|JACKSON, Mo. — Researchers with the Missouri Department of Conservation (MDC) are surprised at how far paddlefish they’ve tagged traveled as part of a research project. Two of the tagged paddlefish swam more than 500 miles down the Mississippi River to the northern portion of Louisiana before being caught and called in. Researchers hope anglers will continue to look for tags when they catch paddlefish and report them.
Paddlefish are large fish with lengths up to seven feet and weight known to surpass 160 pounds. They are most known for their long snouts which can take up more than 1/3 of the fish’s total length.
“Paddlefish are known to be strong swimmers and though their long spawning runs each spring have been well observed, we’ve been surprised at where some of our Missouri paddlefish have been caught,” said Nick Kramer, a graduate student in charge of sampling Mississippi River Paddlefish.
In 2014, MDC and Southeast Missouri State University began a 5-year study to evaluate the paddlefish population in the Mississippi River. In the first two years of the project, the focus is on getting as many fish tagged as possible. When the tagged fish are then caught by commercial or recreational anglers their tags are reported. This helps scientists gain an idea of how many tagged fish are being caught and harvested each year. The project will provide information that helps MDC make management decisions for Missouri’s paddlefish. An added perk of this information is being able to track the fish movements between tagging and recapture.
Students and MDC resource scientists have tagged around 500 paddlefish throughout the Mississippi River and have had 30 of those tags called in. Nine of those fish were found swimming up the Ohio River and its tributaries, four below Smithland Dam on the Ohio River, and one each below Kentucky and Barkley Dams.
“Some of these fish movements are just extraordinary. For instance, one of the fish that swam up the Ohio River swam up to Kentucky Dam and actually managed to utilize the lock chamber to enter Kentucky Lake before being caught nearly 10 miles above the dam,” Kramer said.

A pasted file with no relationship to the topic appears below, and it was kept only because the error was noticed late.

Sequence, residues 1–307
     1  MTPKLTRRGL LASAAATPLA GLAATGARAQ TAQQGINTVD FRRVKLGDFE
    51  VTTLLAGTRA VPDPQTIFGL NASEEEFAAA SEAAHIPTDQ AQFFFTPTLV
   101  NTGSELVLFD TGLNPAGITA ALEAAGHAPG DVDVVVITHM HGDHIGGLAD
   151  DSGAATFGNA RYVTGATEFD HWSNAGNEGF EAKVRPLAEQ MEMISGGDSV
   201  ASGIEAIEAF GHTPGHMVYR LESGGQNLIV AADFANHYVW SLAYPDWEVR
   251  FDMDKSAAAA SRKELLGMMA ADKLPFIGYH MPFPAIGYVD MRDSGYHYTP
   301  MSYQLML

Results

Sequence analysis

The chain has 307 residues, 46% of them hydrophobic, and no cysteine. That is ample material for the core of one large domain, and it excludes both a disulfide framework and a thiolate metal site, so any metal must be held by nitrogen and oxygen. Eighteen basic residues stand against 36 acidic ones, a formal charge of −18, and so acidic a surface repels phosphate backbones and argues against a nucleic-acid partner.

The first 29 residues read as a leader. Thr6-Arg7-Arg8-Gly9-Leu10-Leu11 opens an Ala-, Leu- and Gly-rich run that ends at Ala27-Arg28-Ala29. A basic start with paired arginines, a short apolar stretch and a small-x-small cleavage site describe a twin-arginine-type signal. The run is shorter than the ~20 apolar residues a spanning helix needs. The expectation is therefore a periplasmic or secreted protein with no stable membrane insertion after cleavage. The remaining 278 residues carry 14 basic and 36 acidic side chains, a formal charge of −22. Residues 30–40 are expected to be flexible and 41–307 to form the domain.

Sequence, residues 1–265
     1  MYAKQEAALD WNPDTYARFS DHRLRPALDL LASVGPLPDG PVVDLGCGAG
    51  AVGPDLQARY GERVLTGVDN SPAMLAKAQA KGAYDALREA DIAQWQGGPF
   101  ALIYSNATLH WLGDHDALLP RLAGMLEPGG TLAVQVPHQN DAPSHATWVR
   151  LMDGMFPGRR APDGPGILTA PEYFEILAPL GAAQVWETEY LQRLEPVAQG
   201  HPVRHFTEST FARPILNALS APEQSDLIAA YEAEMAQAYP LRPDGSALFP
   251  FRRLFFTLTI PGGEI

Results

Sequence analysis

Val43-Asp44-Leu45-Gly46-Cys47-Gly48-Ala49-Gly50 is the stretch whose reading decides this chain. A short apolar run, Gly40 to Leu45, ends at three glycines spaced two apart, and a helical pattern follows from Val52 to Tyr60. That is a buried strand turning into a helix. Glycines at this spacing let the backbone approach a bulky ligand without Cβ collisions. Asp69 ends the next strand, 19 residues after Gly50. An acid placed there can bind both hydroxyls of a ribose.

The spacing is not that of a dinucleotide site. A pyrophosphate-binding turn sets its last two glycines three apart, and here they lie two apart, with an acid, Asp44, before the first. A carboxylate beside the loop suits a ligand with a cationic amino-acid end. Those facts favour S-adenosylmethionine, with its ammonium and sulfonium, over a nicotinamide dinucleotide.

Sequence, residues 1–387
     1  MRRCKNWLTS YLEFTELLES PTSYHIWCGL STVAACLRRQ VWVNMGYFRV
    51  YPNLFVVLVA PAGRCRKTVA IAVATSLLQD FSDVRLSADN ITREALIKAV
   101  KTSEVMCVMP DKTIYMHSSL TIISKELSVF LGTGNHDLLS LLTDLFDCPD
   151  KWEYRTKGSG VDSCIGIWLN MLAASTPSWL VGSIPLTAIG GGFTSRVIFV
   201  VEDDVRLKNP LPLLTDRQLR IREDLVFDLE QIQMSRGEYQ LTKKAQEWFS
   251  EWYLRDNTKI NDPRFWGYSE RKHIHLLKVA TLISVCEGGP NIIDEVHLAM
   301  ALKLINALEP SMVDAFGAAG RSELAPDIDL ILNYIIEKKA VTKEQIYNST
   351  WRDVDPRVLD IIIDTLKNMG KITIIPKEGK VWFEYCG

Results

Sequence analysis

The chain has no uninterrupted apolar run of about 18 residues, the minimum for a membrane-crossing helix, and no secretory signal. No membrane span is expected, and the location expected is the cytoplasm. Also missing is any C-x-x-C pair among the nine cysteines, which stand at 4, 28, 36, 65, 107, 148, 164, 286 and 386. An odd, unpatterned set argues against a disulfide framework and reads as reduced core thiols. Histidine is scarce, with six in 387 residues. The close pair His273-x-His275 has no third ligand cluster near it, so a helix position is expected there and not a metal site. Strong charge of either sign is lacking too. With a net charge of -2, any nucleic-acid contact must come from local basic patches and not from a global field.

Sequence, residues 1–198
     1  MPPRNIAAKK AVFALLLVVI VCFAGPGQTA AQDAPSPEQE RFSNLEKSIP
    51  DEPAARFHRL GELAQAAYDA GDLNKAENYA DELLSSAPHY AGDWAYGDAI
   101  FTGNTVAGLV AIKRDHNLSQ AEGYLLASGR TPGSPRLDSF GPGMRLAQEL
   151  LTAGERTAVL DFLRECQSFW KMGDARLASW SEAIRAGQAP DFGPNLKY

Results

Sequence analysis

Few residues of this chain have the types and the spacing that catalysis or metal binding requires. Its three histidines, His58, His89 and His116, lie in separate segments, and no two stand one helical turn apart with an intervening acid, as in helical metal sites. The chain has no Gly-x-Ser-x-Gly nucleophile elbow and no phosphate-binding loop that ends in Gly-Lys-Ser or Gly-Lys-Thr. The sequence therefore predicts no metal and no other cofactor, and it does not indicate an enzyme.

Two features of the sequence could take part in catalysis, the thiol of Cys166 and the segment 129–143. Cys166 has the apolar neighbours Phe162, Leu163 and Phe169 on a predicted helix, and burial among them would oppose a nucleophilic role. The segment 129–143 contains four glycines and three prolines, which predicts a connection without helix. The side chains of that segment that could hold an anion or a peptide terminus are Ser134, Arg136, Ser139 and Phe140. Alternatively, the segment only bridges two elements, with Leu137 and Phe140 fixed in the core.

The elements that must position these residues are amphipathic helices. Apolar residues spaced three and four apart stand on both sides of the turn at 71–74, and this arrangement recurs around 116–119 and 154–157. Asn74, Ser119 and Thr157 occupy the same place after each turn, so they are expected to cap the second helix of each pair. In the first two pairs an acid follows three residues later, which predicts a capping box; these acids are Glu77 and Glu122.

Kramer and his colleagues expected to see some movement from the tagged fish. However, the results in the first two years have been eye opening.
One of the first reported tags was originally tagged near Trail of Tears State Park in Cape Girardeau County and was called in nearly 300 miles away just south of Memphis, Tenn.
“I thought that was pretty far, but then other reports came in with four other fish swimming past that location,” he said.
Two of the fish entered Arkansas with one being caught on the Arkansas River near Pendleton, and the other swimming up the White River and further up the Cache River before being caught and released by a commercial fisherman just south of Interstate 40.
“When that call came in, I thought he meant the Cache River in Illinois, but when he said Arkansas, I think I was speechless for a minute,” Kramer said. “That fish traveled over 500 miles, with more than 120 of that being in smaller tributary systems. I never expected movement like that.”
Since then, two other paddlefish have surpassed that mark swimming more than 500 miles down the Mississippi River to the northern portion of Louisiana before being caught.
While this movement information is not crucial to the outcome of the study, it is important in understanding the exploitation levels of these prehistoric fish.
“Many paddlefish tagged in Missouri’s rivers are not staying within our state’s limits,” says Kramer. “This is a reminder that we must consider harvest that occurs outside of our borders when determining the sustainability of Missouri’s paddlefish for the future.”
Kramer also said the long distances are exciting for anglers that anticipate catching these fish, which could also be coming from other states. Anglers who reel in a tagged paddlefish should call the number on the tag, or contact their local MDC office.